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Old 03-07-2006, 05:05 PM   #21
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Yes a self-cleaning refrigerator would be a blessing (as well as a built-in trap for those freezer mice that sneak in and eat your haggen-daas in the middle of the night).

Well, it's funny this should come up now when I'm right in the middle of reading The Fountainhead, as technology design isn't much different that archetecture. It's strictly a "give the public what it want's" propisition.

Here are my personal likes/dislikes about current refrigerators, along with what I would like to see in future models :

1. I like those ice/water dispensers in the door, mainly because I've never owned one. My wife, on the other hand, hates them, regailing me with stories of constant problems and bacterial issues.

2. I would like to have a dual thermometer built into the doors (one for the fridge and one for the freezer) to monitor temps.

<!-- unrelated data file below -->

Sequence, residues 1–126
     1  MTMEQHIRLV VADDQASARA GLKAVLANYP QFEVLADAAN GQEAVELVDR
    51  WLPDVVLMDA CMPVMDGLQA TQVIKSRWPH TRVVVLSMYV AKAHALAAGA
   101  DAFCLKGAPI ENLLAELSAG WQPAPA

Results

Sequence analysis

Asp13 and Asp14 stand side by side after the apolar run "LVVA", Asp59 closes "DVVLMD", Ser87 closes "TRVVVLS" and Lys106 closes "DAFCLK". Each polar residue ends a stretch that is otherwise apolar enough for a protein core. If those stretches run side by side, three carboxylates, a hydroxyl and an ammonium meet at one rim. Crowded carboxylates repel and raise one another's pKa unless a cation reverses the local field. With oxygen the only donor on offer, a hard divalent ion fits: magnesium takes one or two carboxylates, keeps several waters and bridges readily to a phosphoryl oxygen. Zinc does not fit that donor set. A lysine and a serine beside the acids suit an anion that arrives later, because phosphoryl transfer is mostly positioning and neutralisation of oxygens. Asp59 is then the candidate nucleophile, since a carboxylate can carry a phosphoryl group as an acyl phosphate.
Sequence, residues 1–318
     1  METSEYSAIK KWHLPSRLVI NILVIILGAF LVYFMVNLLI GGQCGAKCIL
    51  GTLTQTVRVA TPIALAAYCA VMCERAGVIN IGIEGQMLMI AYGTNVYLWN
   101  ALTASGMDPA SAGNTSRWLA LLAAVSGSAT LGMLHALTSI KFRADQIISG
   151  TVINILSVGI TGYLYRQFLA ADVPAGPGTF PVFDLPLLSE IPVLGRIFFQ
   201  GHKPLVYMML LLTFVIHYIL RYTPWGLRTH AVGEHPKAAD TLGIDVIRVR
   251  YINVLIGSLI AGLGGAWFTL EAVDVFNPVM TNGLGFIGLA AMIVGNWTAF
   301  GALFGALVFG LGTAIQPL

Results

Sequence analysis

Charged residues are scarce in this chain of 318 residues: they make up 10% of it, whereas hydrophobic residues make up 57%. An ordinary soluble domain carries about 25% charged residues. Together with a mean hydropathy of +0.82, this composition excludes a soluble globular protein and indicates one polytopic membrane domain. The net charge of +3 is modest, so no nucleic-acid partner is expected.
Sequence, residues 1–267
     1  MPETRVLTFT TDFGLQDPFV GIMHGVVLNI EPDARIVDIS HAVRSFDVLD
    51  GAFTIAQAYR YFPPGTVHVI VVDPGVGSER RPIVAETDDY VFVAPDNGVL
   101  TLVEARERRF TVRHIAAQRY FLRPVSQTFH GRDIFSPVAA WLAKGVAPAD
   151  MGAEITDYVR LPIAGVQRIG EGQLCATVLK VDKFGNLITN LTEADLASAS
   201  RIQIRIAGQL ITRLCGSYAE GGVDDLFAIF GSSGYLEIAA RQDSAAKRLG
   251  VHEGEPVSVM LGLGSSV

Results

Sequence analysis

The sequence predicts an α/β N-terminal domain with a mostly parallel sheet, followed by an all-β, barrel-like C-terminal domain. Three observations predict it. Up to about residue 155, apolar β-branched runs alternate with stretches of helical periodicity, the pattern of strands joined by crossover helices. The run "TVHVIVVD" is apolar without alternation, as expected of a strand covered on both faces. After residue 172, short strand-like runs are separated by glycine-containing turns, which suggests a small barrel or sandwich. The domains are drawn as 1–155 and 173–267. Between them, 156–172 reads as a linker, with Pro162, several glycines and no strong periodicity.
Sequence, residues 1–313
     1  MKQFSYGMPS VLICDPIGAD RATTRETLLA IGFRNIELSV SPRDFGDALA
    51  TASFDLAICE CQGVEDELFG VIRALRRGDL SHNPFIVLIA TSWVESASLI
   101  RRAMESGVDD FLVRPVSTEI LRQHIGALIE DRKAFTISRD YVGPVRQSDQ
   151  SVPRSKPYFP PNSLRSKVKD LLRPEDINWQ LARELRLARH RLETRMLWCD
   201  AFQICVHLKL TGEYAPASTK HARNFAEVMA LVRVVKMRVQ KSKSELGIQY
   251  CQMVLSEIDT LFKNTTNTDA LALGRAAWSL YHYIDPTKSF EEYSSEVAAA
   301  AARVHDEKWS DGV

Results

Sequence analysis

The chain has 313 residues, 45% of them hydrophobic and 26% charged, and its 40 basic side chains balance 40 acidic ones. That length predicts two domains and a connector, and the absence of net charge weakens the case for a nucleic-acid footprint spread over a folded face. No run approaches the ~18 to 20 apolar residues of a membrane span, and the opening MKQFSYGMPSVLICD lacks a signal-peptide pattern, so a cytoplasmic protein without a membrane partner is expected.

3. I would like a light bulb that's actually EASY to change.

4. I would like a temperature control panel that dosen't get in the way of storage.

5. I would like a rail on the inside of the door that dosen't pop off and spill everything across the floor every time you accidently whang into it with your shin and start cussing.

6. Still on the door I would like a door actually deep enough to ACTULLY HOLD A #$%^# JAR OF PICKLES.

7. I would like adjustable or even removeable shelves in my freezer. The rack we have in our freezer dosen't move at all and won't come out.

I am not a fan of putting computers into things as I feel we are far too dependant upon them already, but there is no denying that they are, as they have been for many years, the toy of the future.

If you built a refrigerator with what essentially amounts to a PDA (with the little plastic pen thing) and an LCD screen into the door with a Wi-Fi connection you could:

A) Watch TV or a Food Network program while cooking. Add the capability to pause and rewind so one might "cook along".

B) Write out menu's or Recipe's, take phone messages, schedules and family memo's (Mom - Jane's at Soccer Practice. Needs a ride home at 3:00)

C) Store and pull up recipes.